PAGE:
Lena is a research geologist and curator of fossil crinoids and other fossil invertebrates at the Smithsonian Institution's National Museum of Natural History. After receiving her PhD from The Ohio State University in 2017, Lena completed postdoctoral fellowships at the NMNH (2017-2018) and American Museum of Natural History (2018-2020). Her research uses the marine invertebrate fossil record to understand macroevolutionary patterns and their driving processes. In particular, Lena is an expert on fossil crinoids (Echinodermata; feather stars and sea lilies) and has described over 20 new crinoid species. Crinoid taxonomy and systematics constitutes a major part of her research, and she frequently uses the fossil record of crinoids as a model group for studying macroevolutionary questions. Research questions she focuses on primarily relate to (1) extinction, including extinction risk, recovery, and evolutionary consequences of mass extinctions and (2) community paleoecology, including the assembly and phylogenetic structure of communities and how they change through time.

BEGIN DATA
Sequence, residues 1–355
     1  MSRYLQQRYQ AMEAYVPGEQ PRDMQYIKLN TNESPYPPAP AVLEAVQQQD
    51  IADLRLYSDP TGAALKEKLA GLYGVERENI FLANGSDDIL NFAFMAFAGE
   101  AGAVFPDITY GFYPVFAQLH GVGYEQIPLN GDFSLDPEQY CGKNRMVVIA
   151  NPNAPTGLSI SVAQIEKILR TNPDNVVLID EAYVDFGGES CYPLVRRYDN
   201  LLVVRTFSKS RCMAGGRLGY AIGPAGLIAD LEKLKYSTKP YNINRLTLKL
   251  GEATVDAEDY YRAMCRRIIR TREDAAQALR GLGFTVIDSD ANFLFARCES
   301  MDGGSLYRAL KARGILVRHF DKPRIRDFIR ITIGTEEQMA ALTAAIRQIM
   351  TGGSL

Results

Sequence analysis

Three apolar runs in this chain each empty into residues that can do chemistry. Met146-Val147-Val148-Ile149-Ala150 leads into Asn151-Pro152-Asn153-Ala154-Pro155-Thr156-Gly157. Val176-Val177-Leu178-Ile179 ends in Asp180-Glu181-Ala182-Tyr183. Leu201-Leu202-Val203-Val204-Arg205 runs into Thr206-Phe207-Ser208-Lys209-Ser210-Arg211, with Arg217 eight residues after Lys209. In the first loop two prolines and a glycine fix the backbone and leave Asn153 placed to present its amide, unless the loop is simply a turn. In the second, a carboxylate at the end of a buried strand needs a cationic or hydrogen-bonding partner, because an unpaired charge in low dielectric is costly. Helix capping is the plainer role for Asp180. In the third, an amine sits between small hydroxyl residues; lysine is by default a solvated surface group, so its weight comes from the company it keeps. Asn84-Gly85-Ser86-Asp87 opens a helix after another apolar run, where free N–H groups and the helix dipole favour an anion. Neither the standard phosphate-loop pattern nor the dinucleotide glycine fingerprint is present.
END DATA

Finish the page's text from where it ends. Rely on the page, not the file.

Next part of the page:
Macroevolutionary patterns and processes in the marine invertebrate fossil record; phylogeny, systematics, and diversity of Paleozoic crinoids; extinction risk, recovery, and evolutionary consequences of mass extinctions; community paleoecology and niche evolution; phylogenetic comparative methods.